Scottish Natural Heritage (SNH) and its partners are opening the sea eagle management scheme to farmers once again this year, as the 2013 sea eagle breeding season gets underway.
The goal is to balance protection of the eagles with supporting tourism and safeguarding livelihoods of farmers. The scheme helps farmers reduce the risk of losing livestock by keeping them healthy and safe. Over the last two years, the management scheme has committed to 50 contracts with land managers worth £164,652 for work such as extra shepherding, fencing, sheep tick and fluke treatment, and management directly benefitting sea eagles. This included work in Skye, Wester Ross, Lochaber, Mull, Lorn, Islay, and the Outer Hebrides.
This year, SNH is also keen to deal with any issues that arise which haven't been addressed by the scheme, as sea eagles move into new territories or come into conflict with livestock. For this service, farmers and crofters should contact their local SNH office to discuss what options are available to help.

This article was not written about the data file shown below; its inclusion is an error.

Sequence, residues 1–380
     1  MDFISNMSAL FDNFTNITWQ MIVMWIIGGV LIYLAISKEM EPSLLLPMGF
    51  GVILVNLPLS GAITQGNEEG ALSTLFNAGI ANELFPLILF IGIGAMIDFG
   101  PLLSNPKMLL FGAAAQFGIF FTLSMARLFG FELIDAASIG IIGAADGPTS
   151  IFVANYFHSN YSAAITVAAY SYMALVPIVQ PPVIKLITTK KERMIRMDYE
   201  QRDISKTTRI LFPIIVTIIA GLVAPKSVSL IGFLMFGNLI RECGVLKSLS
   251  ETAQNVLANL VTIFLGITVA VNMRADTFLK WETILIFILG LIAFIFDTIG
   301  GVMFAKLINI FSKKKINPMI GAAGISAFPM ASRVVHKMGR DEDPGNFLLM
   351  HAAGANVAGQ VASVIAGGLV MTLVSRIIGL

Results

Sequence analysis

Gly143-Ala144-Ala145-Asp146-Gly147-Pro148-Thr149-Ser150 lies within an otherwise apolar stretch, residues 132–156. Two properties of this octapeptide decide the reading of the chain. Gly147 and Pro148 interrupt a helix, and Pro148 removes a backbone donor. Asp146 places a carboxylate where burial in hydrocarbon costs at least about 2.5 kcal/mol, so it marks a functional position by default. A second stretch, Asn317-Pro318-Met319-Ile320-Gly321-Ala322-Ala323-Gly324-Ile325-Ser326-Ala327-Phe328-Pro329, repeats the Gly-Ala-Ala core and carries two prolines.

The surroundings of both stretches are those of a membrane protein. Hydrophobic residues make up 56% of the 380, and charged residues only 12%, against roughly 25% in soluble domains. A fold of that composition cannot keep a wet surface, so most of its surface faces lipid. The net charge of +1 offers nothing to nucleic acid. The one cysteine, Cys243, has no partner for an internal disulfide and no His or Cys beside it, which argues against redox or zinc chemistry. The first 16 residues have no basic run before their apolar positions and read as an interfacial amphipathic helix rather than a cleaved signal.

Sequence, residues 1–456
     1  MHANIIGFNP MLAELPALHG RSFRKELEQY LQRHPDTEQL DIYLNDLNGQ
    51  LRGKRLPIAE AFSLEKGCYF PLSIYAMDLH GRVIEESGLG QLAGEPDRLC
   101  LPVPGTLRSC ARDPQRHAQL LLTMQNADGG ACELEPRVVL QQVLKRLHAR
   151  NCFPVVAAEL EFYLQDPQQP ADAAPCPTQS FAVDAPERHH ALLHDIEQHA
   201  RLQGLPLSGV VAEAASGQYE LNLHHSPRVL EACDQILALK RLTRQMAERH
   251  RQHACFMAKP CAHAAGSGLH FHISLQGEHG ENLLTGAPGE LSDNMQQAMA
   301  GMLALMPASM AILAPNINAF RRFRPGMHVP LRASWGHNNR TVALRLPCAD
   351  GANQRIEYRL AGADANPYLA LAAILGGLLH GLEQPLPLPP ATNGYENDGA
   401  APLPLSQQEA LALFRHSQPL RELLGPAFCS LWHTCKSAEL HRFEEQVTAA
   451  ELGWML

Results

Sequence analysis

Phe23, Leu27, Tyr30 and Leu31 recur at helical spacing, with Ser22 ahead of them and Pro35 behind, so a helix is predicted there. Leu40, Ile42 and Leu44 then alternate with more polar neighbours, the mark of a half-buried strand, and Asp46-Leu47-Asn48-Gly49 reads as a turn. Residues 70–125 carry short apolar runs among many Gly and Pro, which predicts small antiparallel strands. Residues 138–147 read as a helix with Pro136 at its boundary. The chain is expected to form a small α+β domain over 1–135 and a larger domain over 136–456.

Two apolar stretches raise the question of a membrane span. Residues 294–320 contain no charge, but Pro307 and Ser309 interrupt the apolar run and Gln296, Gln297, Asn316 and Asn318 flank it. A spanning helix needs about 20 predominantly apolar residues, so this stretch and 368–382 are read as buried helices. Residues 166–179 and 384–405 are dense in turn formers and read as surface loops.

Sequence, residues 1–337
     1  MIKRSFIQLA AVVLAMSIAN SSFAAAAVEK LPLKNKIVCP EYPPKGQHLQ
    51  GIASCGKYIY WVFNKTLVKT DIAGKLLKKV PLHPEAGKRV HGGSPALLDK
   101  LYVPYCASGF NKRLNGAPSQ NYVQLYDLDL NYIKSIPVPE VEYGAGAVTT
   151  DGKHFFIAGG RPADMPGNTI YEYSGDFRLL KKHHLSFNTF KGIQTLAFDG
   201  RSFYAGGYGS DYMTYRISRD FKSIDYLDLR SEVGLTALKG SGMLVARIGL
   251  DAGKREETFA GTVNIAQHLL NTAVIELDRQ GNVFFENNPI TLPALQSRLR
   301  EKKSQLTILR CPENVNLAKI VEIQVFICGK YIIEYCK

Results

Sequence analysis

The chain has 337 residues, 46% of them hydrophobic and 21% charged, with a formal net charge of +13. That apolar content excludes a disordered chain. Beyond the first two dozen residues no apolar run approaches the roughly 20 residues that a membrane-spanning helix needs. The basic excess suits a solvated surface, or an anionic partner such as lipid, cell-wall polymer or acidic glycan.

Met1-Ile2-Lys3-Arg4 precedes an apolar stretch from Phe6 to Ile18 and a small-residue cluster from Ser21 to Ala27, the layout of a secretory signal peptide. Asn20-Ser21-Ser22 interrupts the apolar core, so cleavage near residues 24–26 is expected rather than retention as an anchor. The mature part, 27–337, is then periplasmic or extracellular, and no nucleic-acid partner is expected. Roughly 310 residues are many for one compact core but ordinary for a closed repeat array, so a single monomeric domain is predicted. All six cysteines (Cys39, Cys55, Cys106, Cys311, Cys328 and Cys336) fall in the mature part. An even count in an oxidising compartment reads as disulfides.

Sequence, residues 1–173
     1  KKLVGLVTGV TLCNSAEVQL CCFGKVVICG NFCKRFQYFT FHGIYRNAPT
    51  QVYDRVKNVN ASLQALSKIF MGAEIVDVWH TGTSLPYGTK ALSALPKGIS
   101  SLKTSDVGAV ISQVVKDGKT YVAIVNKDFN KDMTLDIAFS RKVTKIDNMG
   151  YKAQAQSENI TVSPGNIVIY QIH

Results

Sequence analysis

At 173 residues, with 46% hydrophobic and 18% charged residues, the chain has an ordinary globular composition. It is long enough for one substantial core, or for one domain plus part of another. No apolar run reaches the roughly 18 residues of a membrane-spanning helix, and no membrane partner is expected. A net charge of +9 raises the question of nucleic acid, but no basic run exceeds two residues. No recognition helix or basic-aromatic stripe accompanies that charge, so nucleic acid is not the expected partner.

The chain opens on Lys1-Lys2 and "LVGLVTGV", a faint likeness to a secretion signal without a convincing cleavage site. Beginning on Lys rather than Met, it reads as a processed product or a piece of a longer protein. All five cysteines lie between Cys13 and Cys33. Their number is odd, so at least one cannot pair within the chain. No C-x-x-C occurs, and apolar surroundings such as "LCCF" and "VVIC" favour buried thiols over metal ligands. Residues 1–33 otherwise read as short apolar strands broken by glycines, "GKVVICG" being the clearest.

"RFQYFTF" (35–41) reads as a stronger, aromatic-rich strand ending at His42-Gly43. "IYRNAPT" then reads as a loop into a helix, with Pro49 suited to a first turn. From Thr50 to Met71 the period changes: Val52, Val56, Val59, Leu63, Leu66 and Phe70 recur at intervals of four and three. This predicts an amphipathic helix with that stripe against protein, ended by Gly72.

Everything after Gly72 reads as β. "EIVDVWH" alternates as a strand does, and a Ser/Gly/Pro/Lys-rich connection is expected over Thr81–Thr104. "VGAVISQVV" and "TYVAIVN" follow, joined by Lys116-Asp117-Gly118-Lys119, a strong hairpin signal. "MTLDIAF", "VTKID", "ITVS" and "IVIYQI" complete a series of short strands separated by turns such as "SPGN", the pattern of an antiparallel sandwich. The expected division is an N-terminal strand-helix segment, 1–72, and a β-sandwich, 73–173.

SNH's Ross Lilley, the Sea Eagle Scheme Manager, said:
"I'd encourage any farmers or other land managers with concerns about the impact of sea eagles on their livestock to look into the scheme. Sea eagles are a protected species, but we recognise their presence can occasionally lead to conflict with livestock rearing, and we want to help minimise this where possible. For any advice, staff at local SNH offices are there to help."
The sea eagle management scheme is open to anyone who manages land within the vicinity of breeding sea eagles in Scotland. The scheme is operated on behalf of the Sea Eagle Partnership, which includes the Scottish Government, NFU Scotland, RSPB, Scottish Land & Estates (SLE), Scottish Crofting Federation, FCS and Visit Scotland.
The management scheme also provides funding for projects which benefit sea eagles and tourism, such as improving feeding habitat nesting sites or roosts and helping people view sea eagles.